Recent research has demonstrated that glucagon production may also take place outside the pancreas, with the gut being the most likely site of extrapancreatic glucagon synthesis.
Secretion of glucagon is stimulated by:
(via β2, α2,
(often from muscle-derived pyruvate/glutamate transamination (see alanine transaminase
* Gastric inhibitory polypeptide
Secretion of glucagon is inhibited by:
/retinoid X receptor heterodimer
* Increased free fatty acids
and keto acids
into the blood.
* Increased urea
* Glucagon-like peptide-1
Glucagon is a 29-amino acid polypeptide
. Its primary structure
in humans is: NH2
The polypeptide has a molecular mass
of 3485 dalton
s. Glucagon is a peptide
Glucagon is generated from the cleavage of proglucagon
by proprotein convertase 2
in pancreatic islet α cells. In intestinal L cell
is cleaved to the alternate products glicentin, GLP-1
), IP-2, and GLP-2
(promotes intestinal growth).
Abnormally elevated levels of glucagon may be caused by pancreatic tumor
s, such as glucagonoma
, symptoms of which include necrolytic migratory erythema
reduced amino acids, and hyperglycemia. It may occur alone or in the context of multiple endocrine neoplasia type 1
Elevated glucagon is the main contributor to hyperglycemic ketoacidosis in undiagnosed or poorly treated type 1 diabetes. As the beta cells cease to function, insulin and pancreatic GABA are no longer present to suppress the freerunning output of glucagon. As a result, glucagon is released from the alpha cells at a maximum, causing rapid breakdown of glycogen to glucose and fast ketogenesis.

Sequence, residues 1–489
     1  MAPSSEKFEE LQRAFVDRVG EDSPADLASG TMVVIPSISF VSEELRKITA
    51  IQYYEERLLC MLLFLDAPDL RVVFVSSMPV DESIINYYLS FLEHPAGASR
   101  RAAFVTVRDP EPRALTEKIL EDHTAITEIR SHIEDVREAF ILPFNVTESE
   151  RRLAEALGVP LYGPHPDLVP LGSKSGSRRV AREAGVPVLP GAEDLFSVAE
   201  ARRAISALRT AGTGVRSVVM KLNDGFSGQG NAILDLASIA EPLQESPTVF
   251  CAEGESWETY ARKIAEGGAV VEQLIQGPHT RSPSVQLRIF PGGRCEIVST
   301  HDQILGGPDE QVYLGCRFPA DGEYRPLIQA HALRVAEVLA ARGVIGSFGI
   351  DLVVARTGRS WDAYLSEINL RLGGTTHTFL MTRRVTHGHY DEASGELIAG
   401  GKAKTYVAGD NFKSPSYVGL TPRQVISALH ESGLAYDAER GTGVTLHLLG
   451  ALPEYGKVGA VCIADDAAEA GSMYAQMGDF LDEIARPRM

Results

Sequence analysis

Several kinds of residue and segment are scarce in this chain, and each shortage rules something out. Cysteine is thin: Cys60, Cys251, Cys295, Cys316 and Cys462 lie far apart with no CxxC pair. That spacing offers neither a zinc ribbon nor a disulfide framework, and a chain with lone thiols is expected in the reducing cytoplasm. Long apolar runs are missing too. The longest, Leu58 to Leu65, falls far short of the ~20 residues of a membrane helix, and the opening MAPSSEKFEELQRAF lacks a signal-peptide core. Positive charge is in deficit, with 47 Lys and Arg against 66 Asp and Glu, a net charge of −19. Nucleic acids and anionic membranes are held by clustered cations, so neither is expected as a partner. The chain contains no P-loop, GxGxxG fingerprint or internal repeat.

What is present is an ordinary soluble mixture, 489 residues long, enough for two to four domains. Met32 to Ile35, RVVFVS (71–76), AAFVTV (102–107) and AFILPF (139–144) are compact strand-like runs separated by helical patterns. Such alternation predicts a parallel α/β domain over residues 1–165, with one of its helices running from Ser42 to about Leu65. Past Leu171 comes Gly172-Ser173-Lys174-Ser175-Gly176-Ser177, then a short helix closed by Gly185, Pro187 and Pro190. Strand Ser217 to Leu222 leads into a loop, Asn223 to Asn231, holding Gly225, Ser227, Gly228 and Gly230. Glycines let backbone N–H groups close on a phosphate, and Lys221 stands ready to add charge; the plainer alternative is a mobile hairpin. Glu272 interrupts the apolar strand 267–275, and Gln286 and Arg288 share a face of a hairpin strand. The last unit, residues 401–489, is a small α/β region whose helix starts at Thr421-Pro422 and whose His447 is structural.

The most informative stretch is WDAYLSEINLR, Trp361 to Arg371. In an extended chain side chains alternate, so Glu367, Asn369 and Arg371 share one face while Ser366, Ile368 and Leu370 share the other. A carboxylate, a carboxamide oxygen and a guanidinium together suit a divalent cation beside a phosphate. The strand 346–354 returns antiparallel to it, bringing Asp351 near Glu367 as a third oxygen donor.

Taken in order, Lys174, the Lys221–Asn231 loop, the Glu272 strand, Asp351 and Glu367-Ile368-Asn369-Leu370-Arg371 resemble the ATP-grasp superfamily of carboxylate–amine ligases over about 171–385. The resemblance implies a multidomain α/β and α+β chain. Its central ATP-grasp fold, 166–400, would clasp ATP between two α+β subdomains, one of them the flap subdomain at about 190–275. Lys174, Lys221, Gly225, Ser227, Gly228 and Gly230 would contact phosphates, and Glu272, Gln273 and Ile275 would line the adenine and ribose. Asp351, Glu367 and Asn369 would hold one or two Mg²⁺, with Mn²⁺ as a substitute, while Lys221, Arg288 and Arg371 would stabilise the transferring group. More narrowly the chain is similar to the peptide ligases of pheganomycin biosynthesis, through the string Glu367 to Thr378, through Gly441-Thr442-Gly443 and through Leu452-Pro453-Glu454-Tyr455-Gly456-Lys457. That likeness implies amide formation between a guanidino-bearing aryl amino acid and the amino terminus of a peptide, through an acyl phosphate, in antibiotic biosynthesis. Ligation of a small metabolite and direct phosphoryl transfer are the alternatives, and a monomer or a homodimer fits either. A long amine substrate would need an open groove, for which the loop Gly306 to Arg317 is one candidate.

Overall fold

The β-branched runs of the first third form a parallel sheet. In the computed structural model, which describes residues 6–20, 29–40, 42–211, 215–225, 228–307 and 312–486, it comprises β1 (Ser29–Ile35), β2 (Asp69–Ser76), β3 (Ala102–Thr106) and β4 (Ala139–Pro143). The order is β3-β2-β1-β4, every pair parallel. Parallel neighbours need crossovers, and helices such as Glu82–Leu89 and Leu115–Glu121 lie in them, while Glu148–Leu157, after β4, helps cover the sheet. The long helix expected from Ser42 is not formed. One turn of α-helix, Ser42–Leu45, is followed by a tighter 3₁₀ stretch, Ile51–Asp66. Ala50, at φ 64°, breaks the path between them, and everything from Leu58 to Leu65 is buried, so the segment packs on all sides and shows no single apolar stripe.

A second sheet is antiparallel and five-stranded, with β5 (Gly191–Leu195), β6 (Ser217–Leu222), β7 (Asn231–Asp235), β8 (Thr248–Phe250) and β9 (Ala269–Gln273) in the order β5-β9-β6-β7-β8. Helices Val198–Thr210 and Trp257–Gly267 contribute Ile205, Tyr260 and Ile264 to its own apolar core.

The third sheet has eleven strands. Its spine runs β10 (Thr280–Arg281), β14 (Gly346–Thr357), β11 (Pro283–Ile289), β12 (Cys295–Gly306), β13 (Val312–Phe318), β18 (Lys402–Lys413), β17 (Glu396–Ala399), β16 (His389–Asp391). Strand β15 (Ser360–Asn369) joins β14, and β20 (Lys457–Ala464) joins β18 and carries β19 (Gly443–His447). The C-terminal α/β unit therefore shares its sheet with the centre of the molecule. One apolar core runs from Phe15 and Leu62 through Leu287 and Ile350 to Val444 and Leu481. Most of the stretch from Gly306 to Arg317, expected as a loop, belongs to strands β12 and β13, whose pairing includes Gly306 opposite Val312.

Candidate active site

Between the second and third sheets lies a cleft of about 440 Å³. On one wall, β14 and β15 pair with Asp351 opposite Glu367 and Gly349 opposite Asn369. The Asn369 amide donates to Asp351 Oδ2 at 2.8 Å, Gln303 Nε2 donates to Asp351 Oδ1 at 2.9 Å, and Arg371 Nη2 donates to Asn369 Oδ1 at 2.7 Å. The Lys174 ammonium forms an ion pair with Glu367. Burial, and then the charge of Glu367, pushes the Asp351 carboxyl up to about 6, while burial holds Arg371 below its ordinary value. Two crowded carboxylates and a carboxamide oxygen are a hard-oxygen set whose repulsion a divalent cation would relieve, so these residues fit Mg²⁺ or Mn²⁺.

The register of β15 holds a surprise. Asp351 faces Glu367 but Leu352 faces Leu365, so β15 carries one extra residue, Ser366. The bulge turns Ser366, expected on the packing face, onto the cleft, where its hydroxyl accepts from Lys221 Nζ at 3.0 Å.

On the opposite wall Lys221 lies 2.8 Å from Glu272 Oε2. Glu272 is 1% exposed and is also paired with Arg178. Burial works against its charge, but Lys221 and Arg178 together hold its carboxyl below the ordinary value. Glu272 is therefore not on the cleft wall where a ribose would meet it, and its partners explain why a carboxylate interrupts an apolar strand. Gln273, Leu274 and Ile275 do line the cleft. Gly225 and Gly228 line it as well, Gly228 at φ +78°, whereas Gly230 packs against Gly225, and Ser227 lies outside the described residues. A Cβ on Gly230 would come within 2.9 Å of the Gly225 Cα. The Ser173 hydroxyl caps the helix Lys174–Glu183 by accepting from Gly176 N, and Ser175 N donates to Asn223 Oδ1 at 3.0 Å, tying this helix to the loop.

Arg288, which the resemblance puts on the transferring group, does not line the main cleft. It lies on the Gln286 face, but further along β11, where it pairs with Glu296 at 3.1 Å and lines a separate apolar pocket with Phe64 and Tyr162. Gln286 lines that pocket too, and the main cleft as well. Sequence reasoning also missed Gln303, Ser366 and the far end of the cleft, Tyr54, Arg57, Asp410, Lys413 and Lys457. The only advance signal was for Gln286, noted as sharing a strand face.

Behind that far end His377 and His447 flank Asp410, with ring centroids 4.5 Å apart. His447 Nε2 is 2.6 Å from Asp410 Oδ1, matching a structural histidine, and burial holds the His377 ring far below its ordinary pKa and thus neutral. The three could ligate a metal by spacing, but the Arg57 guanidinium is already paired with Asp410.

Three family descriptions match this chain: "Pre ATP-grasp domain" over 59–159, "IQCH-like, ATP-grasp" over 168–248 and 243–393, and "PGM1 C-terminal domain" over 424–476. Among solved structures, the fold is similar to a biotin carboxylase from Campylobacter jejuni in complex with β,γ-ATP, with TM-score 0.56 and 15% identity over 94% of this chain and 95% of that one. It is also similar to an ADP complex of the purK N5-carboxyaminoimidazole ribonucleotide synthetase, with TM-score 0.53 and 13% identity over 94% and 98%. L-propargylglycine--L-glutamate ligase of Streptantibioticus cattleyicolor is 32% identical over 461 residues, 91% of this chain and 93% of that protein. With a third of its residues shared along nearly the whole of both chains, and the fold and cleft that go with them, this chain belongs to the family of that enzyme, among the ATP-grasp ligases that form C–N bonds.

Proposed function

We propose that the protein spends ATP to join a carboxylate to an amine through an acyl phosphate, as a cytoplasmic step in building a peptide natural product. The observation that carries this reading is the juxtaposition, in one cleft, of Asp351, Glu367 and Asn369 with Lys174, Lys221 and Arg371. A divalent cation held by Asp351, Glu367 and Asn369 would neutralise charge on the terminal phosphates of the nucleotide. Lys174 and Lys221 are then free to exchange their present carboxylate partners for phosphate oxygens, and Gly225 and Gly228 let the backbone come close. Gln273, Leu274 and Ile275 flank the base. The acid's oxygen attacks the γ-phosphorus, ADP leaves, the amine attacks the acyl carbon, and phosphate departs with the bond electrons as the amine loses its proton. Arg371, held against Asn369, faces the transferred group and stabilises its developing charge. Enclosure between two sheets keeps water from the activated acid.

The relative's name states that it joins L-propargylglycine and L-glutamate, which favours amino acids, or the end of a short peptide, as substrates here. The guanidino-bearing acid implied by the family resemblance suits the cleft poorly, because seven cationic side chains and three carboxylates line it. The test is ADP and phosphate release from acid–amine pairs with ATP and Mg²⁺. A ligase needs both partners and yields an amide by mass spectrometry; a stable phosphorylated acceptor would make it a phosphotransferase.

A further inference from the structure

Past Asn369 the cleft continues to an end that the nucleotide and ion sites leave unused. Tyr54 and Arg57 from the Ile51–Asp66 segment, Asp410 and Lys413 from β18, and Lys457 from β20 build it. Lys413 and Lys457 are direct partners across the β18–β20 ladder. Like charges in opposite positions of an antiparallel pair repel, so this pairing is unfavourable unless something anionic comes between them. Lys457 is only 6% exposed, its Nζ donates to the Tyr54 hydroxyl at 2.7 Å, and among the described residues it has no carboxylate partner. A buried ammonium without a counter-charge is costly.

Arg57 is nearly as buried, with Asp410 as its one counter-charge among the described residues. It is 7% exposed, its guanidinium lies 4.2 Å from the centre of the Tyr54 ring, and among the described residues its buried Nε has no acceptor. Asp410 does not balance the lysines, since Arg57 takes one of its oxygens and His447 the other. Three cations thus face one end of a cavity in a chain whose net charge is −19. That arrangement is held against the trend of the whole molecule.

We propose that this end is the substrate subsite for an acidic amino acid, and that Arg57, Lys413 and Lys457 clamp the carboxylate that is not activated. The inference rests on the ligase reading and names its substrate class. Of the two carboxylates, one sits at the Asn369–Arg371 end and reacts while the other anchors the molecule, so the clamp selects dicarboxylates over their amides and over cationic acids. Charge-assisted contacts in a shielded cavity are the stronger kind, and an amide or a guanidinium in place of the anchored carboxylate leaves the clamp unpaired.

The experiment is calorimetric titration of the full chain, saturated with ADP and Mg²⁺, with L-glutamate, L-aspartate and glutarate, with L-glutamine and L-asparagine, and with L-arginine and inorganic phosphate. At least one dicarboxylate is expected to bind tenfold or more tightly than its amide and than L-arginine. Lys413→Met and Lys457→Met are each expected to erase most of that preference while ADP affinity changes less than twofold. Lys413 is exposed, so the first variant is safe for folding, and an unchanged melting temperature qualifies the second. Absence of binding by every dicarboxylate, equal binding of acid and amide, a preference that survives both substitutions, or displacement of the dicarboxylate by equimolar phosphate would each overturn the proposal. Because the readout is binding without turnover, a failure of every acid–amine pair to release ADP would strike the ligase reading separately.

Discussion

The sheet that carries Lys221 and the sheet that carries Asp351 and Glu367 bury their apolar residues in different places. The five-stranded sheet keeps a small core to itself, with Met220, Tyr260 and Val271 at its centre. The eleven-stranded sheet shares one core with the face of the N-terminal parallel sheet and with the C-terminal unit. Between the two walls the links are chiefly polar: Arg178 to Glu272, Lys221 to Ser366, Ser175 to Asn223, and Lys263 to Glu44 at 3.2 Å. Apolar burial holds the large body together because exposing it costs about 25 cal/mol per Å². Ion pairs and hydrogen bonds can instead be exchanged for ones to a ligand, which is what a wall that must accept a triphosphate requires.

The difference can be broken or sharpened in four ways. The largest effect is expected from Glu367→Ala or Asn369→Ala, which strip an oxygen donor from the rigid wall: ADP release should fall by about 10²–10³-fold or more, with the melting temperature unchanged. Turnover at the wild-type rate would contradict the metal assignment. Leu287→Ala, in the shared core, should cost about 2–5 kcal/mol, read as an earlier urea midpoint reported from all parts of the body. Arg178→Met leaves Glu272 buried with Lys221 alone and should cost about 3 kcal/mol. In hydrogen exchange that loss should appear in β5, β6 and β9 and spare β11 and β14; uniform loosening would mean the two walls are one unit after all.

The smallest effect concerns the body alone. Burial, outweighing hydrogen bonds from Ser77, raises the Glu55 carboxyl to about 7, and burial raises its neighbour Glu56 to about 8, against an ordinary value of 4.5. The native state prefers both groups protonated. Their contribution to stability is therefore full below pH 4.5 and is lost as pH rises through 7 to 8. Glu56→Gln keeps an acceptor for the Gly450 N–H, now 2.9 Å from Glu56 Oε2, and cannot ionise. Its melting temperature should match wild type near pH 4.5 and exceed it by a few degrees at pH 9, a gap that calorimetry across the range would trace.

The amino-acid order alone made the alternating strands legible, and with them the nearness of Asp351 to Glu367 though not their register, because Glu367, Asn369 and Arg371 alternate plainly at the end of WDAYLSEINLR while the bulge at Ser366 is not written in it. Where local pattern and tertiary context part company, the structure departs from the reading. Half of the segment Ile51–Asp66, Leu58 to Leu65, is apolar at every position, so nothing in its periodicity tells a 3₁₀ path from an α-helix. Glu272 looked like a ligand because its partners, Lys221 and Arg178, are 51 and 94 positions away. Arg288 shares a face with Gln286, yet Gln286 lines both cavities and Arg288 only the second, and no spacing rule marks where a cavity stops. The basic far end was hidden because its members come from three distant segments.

It was found that a subset of adults with type 1 diabetes took 4 times longer on average to approach ketoacidosis when given somatostatin (inhibits glucagon production) with no insulin. Inhibiting glucagon has been a popular idea of diabetes treatment, however some have warned that doing so will give rise to brittle diabetes
in patients with adequately stable blood glucose.
The absence of alpha cells (and hence glucagon) is thought to be one of the main influences in the extreme volatility of blood glucose in the setting of a total pancreatectomy
In the 1920s, Kimball and Murlin studied pancreatic
extracts, and found an additional substance with hyperglycemic
properties. They described glucagon in 1923.
The amino acid sequence of glucagon was described in the late 1950s.
A more complete understanding of its role in physiology and disease was not established until the 1970s, when a specific radioimmunoassay
Kimball and Murlin coined the term glucagon in 1923 when they initially named the substance the ''gluc''ose ''agon''ist.
* Diabetes mellitus
* Glucagon-like peptide-1
* Glucagon-like peptide-2
* Islets of Langerhans
* Tyrosine kinase
provides an overview of all the structure information available in the PDB for Human Glucagon
Category:Hormones of glucose metabolism